186th Street Hotel: FAQs
Note: This blog mined the publicly available documents filed with the NYC Department of Buildings on behalf of the 186th Street hotel project to develop the answers in this FAQ.
Q: How many stories tall will this hotel be?
Although described by George Frangoulis (see this entry) as 11-stories, this architect’s diagram, the project’s zoning document labels the hotel as a 12-story building in a number of illustrations including the one at the left.
The section diagram shows the hotel from the side looking in a northerly direction. Note the height is nearly 125 feet—much taller than anyone would expect an 11-story hotel to be. Not all floors have the same height and the 3rd floor with its height of over 15 feet houses the lobby as the “community facility.”
From other documents not shown here, one can learn that the “rear yard” will be an outdoor terrace for a “community facility” and that a rooftop garden will exist on the 12th floor, in both the front and back sides of the hotel: above the 11th floor.
Q: What will this building look like?
The axonometric diagram (not to scale) highlights the form of the building. Note the label “186TH STREET (NARROW STREET)” which seems to be one of the few points of agreements among the architect, the developers, and the community. (The lower projection in the rear is the two-story base that consumes the entire lot and provides the base for the “rear yard.”)
Q: How many rooms will the hotel contain?
This building contains both hotel rooms and apartment residences. From the details at left (edited for display), each of the six hotel floor will have 17 units each for a total of 102 rooms.
There will also be 10 hotel apartments. Using information in the DOB documents, one can estimate that these apartments would be comparable to one-half of a Fresh Meadows three-wing garden apartment house.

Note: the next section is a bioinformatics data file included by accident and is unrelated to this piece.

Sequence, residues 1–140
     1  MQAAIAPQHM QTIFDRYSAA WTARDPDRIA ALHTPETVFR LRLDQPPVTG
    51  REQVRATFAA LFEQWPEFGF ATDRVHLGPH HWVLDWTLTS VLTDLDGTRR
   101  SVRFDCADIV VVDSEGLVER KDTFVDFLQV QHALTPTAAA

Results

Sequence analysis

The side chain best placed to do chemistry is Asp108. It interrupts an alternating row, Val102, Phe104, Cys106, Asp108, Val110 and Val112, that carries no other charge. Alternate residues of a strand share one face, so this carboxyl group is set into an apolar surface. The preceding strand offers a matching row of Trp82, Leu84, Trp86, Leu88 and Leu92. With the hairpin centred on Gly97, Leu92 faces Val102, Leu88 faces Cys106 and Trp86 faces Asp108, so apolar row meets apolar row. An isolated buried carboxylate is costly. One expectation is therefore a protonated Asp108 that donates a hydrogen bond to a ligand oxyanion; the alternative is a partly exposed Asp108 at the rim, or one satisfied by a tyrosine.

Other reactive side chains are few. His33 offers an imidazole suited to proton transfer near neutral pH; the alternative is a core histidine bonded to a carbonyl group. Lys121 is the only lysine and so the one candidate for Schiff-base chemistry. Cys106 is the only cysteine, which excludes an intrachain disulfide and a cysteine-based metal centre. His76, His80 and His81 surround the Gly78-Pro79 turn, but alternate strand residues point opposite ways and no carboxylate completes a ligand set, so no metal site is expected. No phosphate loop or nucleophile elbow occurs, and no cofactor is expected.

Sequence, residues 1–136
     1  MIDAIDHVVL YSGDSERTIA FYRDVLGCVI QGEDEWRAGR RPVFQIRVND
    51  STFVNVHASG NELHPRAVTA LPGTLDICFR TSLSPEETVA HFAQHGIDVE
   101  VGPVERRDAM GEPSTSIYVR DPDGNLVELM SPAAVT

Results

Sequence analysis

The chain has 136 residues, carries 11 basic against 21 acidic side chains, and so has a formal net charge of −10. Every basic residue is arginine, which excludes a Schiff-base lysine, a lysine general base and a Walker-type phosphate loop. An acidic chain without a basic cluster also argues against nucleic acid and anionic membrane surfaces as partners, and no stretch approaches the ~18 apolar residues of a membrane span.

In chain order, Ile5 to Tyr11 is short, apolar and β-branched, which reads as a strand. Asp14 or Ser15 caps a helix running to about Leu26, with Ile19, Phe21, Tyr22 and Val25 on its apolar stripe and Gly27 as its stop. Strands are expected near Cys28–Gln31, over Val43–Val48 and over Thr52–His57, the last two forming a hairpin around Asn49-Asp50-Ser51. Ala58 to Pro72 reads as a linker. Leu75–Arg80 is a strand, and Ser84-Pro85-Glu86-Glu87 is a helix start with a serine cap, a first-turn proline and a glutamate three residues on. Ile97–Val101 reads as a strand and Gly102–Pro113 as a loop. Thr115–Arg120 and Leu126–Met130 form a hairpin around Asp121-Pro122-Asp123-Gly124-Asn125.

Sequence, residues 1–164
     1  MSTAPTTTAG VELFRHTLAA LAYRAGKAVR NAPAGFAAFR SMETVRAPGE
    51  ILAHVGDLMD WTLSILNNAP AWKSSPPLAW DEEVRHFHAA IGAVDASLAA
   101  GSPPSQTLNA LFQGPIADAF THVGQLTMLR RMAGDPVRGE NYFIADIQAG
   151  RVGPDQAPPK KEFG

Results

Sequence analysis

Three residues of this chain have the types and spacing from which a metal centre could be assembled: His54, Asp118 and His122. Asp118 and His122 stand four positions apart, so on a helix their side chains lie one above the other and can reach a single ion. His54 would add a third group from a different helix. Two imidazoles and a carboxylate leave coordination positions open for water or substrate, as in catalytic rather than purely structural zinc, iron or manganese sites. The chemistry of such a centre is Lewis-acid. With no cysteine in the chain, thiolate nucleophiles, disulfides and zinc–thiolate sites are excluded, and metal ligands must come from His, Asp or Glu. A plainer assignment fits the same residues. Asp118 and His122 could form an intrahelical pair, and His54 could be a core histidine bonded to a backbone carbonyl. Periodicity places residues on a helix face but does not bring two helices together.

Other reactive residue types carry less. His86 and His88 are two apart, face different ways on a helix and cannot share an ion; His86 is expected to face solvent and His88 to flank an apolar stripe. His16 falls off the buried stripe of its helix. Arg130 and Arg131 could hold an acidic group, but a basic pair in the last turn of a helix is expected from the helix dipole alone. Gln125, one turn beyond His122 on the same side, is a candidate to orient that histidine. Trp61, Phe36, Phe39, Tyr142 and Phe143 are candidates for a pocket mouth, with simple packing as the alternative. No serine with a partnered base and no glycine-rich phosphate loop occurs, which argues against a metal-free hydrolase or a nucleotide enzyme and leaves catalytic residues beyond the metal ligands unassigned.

So you could describe this project as a two-level garage on which sits a 6-story hotel, on which sits the equivalent of an A wing and part of a B wing of a F.M. garden apartment. By any measure, very large and very out-of-scale to the neighborhood, but legal to build “as-of-right,” for reasons explained in previous entries.
Q: What type of hotel will this hotel be?
Using information from the plan document shown here, the size of each hotel room can be estimated to 300-350 square feet, a size that would consistent to an upscale business hotel such as a Courtyard by Marriott or Hilton Garden Inn. At one point, a restaurant design firm filed paperwork on behalf of the hotel project. The most recent filing lists a “cafeteria” as an element of the hotel.
The article “New Fresh Meadows hotel expected to house students and immigrants from China,” posted on March 3, 2015, at QueensCourier.com, identifies the project as a future Hilton-affiliated hotel. Other sources, as well as a prior public documentation previously identified a Wyndham affiliation. Either would be consistent to the deduced hotel room sizes.
Q: Who will be the clientele of the hotel?
In the same Queens Courier article, Frangoulis is reported to have explained that “part (blog’s emphasis) of the hotel would be used by foreign exchange students from China who will be studying in nearby schools like St. John’s University.” The article quotes James Gallagher, Jr., the president of the adjoining Fresh Meadows Homeowners Civic Association as noting the hotel “doesn’t really make any sense to us because Fresh Meadows isn’t exactly close to many schools.” In part one of this series, the reader can see that MBG’s own website advertised the hotel’s “proximity” to nearby airports, not colleges, as one would expect for a hotel catering to tourists or business people.
Next week this blog will examine what can changes can be made now to prevent, in the future, projects such as the 186th Street hotel.